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Let $\mathbb S$ be $\mathbb C^{\times}$'s restriction of scalar to $\mathbb R$. To give a real Hodge structure on an $\mathbb Q$ vector space $V$ is to give a real representation of $\mathbb S$ on $V_{\mathbb R}$. Let $\mathbb G_m\rightarrow \mathbb S\rightarrow GL(V_{\mathbb R})$ be the weight homomorphism. If it is actually defined over $\mathbb Q$ we say the hodge structure is rational. But can we say that the weight homomorphism is always algebraic, that is, defined over $\overline{\mathbb Q}$? Every resource claims this, but I can't see why...

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up vote 6 down vote accepted

It looks false to me. Let $V=\mathbb{Q}^{2}$, and let $V(\mathbb{R})=V^{0}\oplus V^{2}$ where $V^{0}$ is the line defined by $y=ex$ and $V^{2}$ is the line defined by $y=\pi x$. Give $V^{0}$ the unique Hodge structure of type $(0,0)$ and $V^{2}$ the unique Hodge structure of type $(1,1)$. To say that $w$ is defined over the subfield $\mathbb{Q}^{\mathrm{al}}$ of $\mathbb{C}$ means that the gradation $V(\mathbb{R})=V^{0}\oplus V^{2}$ arises from a gradation of $V(\mathbb{Q}{}^{\mathrm{al}})$ by tensoring up, but this isn't true. Perhaps the all the "resources" have additional conditions, or perhaps they are all ...

Added: When you are defining a Shimura variety, the weight homomorphism w factors through a Q-subtorus of GL(V), and then it is true that w is defined over the algebraic closure of Q (because, for tori T,T', the group Hom(T,T') doesn't change when you pass from one algebraically closed field to a larger field).

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Thanks! So when we define a Shimura datum $(G,X)$, the map $\mathbb S\rightarrow G_{\mathbb R}$ is actually defined over $\mathbb Q$, not only over $\mathbb R$? If it is only defined over $\mathbb R$, I still can't assure myself that $\mathbb G_m\rightarrow \mathbb S\rightarrow G_{\mathbb R}$ factors through a $\mathbb Q$ subtorus. –  Taisong Jing Mar 16 '10 at 14:15
    
The maps $\mathbb{S}\to G_{\mathbb{R}}$ are defined over $\mathbb{R}$,not $\mathbb{Q}$. However, one of the axioms (2.1.1.1 in Deligne's Corvallis articles; SV1 in my articles) for Shimura varieties implies that the weight homomorphism $w$ of each $h$ factors through the centre of $G$ (hence through connected centre, which is a torus). As the $h$'s are all conjugate, this implies that the $w$'s are all equal, and that the $w$ is defined over the algebraic closure of $\mathbb{Q}$ (it is a homomorphism between tori defined over $\mathbb{Q}$). –  JS Milne Mar 16 '10 at 19:14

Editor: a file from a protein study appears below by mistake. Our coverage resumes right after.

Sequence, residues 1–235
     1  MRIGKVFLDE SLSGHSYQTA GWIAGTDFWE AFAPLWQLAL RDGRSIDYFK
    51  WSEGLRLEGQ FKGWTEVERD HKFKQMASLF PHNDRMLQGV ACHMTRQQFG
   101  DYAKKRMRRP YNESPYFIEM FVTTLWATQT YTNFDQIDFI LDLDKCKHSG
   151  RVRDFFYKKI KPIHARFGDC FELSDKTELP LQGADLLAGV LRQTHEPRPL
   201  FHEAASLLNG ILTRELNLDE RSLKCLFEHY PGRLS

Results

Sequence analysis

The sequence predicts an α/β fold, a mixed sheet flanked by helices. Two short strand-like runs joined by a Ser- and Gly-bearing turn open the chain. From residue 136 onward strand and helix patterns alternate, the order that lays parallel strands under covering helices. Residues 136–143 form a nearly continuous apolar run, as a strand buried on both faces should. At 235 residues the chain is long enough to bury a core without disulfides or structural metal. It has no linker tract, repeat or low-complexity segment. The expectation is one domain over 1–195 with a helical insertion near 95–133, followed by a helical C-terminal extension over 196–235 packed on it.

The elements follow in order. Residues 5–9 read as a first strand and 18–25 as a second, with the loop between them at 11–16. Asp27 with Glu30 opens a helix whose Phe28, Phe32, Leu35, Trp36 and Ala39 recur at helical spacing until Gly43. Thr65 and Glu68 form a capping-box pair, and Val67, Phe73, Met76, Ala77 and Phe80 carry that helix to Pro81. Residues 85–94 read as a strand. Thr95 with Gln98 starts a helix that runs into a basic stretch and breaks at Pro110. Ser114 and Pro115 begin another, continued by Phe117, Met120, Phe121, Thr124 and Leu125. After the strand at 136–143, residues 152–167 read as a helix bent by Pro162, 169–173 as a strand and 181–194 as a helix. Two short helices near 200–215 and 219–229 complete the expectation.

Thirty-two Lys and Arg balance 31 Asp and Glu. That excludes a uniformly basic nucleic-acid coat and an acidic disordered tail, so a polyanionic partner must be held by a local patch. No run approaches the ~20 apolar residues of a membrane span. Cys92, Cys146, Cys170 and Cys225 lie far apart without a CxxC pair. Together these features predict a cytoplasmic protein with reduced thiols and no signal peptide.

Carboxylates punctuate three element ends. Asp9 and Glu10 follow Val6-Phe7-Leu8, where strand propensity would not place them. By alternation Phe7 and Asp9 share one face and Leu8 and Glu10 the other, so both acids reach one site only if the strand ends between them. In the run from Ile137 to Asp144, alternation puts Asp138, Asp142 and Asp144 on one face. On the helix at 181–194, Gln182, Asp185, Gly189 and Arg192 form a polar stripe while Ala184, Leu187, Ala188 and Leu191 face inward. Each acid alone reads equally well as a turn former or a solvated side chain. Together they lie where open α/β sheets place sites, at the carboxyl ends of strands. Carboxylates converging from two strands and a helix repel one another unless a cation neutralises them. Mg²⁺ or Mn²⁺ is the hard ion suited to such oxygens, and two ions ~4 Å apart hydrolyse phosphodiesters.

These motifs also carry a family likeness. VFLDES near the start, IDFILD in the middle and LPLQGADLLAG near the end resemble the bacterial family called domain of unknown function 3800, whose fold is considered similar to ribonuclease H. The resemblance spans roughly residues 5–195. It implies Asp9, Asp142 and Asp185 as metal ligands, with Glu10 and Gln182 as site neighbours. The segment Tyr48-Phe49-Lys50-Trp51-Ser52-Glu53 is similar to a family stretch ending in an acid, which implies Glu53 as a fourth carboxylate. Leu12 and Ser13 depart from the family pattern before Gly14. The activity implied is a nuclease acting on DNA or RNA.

I see, thank you. Is it in general true for a homomorphism from a reductive group to a linear group, if it is defined over a bigger algebraic closed field, then we can always descent it to a smaller algebraic closed field? (for unipotent groups one may have a lot of non algebraic homomorphisms, e.g. $x\mapsto \pi x$) –  Taisong Jing Mar 17 '10 at 0:59

Who is every source? If you fix a weight $k$, then to give a real Hodge structure is the same as giving a homomorphism $h:{\mathbb G}_m\to GL(V)$ which is defined over $\mathbb R$. That does not mean it is defined over $\overline{\mathbb Q}$. Indeed, $h$ doesn't know anything about the $\overline{\mathbb Q}$-structure, so why should it respect it?

As an example, let's take $V={\mathbb Q}^2$ and $h$ defined by $$ h(a)=A(^a{}_1)A^{-1},\ \ \ A=(^1_0{}^{\pi}_1). $$ Then $h$ is not defined over $\overline{\mathbb Q}$. But it is conjugate to a homomorphism which is defined over $\mathbb Q$. Maybe that's what you need?

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